If you go for the higher-spec cars, the Mondeo offers an infotainment system that's wholly competent, if not ground-breaking. It's an eight-inch touchscreen unit which provides satellite navigation, mobile phone pairing, audio entertainment and climate control. It's also equipped with a voice control system which is among the most accurate of any we've come across. Once you've learned how to navigate its menus and sub-menus, it becomes a really useful tool.

Colours and trim

It's nice to see Ford offer some real alternatives to the austere greys and blacks that often dominate the colour palettes of the Mondeo's German rivals. Instead, there's a gorgeous candy red and a stunning metallic blue, both of which really suit the car and are set off nicely by the chrome trim on the grille and roof bars.

Parking

The Mondeo is a surprisingly large car and the fact it feels quite wide on the road can make parking daunting. Fortunately, it's actually quite manoeuvrable, and the clarity of the reversing camera in all lights makes life far easier. If you don't fancy doing it yourself, however, the Mondeo can be bought with a self-parking programme, which can analyse a space to check the car will fit, then steer it in. All you have to look after are the gears and the pedals.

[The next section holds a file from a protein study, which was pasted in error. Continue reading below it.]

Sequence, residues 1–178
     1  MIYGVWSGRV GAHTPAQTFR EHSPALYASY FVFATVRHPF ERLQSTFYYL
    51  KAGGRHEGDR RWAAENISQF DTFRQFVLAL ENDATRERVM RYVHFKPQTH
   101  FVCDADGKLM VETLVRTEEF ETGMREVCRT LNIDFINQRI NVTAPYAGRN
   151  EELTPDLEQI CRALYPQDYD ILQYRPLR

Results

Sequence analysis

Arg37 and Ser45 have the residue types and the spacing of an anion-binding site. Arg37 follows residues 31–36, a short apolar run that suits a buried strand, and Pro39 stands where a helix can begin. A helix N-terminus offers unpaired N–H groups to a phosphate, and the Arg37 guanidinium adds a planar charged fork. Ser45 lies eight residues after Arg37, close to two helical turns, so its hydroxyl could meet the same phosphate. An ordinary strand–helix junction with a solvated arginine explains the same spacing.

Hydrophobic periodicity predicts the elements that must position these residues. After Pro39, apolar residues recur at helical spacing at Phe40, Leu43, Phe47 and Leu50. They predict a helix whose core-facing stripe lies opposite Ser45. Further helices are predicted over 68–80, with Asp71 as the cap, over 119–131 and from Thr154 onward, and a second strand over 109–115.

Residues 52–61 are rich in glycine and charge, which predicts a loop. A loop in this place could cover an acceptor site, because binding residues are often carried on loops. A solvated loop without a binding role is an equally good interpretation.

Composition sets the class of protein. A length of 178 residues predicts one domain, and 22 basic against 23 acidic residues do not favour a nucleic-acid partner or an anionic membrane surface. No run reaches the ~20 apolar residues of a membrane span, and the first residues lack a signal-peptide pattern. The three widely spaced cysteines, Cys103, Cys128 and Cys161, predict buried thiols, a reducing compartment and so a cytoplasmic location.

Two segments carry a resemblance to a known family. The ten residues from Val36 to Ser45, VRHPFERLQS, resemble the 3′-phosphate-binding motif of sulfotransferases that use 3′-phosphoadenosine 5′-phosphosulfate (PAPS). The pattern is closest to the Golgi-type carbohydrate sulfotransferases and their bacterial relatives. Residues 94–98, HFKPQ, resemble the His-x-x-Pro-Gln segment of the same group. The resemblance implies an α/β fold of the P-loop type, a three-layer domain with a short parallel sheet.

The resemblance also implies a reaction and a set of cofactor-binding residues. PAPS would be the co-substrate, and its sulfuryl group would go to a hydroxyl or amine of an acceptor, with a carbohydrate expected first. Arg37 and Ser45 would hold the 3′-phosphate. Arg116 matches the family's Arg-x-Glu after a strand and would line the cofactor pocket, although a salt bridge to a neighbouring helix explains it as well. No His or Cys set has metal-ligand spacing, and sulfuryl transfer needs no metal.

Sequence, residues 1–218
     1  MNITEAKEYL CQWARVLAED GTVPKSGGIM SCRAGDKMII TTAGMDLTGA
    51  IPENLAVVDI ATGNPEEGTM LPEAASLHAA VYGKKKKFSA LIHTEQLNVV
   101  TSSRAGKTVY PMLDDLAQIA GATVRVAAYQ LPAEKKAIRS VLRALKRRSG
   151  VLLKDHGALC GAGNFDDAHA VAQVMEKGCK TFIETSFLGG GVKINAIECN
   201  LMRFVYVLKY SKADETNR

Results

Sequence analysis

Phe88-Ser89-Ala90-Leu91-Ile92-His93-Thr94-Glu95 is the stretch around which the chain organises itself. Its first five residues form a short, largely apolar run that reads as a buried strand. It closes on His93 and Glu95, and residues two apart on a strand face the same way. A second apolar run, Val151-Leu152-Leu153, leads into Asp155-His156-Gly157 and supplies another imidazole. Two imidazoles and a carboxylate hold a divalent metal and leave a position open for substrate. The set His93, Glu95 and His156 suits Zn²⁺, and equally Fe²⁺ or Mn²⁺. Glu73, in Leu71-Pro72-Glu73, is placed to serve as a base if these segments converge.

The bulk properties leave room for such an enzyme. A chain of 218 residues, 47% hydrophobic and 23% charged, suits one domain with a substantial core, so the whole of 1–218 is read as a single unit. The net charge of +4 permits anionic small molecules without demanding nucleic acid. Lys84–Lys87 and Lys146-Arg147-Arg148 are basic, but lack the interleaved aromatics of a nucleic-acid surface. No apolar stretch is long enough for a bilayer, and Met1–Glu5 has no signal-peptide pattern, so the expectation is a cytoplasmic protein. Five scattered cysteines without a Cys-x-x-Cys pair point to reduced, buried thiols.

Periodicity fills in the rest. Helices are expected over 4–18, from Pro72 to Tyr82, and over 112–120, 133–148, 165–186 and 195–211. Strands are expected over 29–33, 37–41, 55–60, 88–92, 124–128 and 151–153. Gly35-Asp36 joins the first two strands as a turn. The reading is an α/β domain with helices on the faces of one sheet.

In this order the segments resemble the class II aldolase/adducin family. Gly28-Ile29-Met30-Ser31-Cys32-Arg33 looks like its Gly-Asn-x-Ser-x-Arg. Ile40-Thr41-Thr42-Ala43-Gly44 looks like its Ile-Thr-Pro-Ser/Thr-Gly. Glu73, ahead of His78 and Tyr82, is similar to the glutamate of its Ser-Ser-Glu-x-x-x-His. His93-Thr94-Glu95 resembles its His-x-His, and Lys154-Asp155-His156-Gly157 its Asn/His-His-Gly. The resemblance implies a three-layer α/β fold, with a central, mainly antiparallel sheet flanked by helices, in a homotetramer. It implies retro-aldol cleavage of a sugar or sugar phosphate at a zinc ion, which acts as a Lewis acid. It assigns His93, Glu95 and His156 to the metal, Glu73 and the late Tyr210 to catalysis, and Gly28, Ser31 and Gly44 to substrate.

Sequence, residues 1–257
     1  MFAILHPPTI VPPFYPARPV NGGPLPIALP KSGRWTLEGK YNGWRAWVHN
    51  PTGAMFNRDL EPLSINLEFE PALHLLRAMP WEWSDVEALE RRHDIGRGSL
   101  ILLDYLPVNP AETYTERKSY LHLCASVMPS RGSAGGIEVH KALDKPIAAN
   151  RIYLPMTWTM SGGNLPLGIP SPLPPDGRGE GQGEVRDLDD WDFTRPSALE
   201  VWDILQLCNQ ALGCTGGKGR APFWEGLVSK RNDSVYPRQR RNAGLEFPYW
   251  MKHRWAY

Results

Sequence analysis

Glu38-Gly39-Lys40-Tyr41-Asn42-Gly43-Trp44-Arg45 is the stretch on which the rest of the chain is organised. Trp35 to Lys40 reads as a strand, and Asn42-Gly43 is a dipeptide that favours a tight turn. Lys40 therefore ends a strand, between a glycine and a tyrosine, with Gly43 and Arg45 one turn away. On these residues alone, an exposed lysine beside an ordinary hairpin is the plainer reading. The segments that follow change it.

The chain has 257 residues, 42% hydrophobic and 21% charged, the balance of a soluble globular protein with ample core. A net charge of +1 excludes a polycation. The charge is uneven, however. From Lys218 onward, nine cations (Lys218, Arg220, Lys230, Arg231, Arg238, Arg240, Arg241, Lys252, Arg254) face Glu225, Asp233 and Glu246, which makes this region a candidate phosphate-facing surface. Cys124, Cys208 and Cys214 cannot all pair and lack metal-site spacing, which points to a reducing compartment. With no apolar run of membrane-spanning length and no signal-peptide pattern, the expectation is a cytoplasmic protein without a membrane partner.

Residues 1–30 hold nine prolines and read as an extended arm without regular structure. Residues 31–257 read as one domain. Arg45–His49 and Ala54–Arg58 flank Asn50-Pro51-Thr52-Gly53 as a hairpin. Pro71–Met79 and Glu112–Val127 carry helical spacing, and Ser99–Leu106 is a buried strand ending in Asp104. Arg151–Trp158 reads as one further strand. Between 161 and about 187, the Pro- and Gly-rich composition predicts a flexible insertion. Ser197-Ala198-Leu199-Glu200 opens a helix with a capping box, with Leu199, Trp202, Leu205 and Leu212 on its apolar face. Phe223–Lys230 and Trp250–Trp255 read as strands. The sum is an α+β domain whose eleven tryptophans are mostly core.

Spare wheel

Mini spare wheel supplied as standard.

Range information

Petrol engine options – 1.0-litre EcoBoost (123bhp); 1.5-litre EcoBoost (158bhp); 2.0-litre EcoBoost (237bhp). Diesel engine options – 1.5-litre (118bhp); 2.0-litre (148bhp, 178bhp, 207bhp). Transmission options: six-speed manual gearbox depending on model, plus six-speed automatic gearbox depending on model. Trim levels: Style, Zetec, Titanium, Titanium HEV.